3. How would you describe the main issues with Common Core and these false reformers to someone who is unfamiliar with these concepts?
Standards aren’t a bad thing if they are implemented properly, not linked to rank and yank tests, and all the stake holders are involved in their development. For instance, during the last few years I was still in the classroom, teachers, students, administrators, parents, elected representatives and even the courts were all involved in the long process of developing state standards that would work, but when the CCSS arrived out of Washington DC developed from the top down, California tossed out a decade of cooperative effort to develop state standards and leaped on the CCSS bandwagon before those standards had even been written. The reason why so many states signed so quickly was because Arne Duncan, President Obama’s Secretary of Education, offered billions of dollars as incentives to sign the CCSS blank check, and like fools most of the states did just that without any product to examine and test.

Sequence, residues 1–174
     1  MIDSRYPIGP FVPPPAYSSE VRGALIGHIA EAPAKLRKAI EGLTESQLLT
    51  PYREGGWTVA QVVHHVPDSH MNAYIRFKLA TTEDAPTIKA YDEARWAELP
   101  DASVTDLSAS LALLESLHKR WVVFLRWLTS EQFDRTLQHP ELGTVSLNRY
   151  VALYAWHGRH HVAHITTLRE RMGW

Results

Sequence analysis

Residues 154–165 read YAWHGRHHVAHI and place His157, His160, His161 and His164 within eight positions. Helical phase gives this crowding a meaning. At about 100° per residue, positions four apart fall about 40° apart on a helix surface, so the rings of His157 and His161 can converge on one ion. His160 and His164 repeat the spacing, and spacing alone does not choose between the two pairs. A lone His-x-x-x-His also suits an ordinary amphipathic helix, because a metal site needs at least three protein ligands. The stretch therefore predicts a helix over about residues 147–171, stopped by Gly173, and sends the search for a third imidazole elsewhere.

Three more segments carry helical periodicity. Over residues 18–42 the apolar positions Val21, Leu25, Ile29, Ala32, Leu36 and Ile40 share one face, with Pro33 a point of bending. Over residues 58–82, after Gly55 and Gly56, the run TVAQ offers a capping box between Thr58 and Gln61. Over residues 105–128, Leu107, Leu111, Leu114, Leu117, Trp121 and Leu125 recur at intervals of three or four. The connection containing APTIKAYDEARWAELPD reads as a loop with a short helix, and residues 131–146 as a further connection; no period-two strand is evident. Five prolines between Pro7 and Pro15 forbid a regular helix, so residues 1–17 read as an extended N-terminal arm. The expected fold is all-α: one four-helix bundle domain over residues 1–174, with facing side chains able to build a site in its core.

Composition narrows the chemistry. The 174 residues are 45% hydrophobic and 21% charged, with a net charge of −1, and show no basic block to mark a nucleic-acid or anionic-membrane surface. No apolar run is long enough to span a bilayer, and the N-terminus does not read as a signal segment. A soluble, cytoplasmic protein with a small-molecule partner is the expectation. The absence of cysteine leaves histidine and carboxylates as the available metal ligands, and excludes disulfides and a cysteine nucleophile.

And, before that happened, Bill Gates, the richest man on the planet, had already spread hundreds of millions of dollars across the country in support of the CCSS. There was no cooperative effort to develop the CCSS, test it and then adjust. In fact, the CCSS tests are protected by copyright, and teachers, students and parents are not allowed to know the specific results of a test—something unheard of in public education. All the teachers and students get back is the score. In addition, the states can’t change the standards or the tests. They are only allowed to add an additional 15% to them. I highly recommend this video. It brilliantly reveals how the CCSS was built. Hear the lies and the truth behind those lies.
The CCSS was developed in secret by 24 people who mostly worked for the private sector testing industry—that would profit from billions in taxes after the CCSS took over and was guiding education in the United States.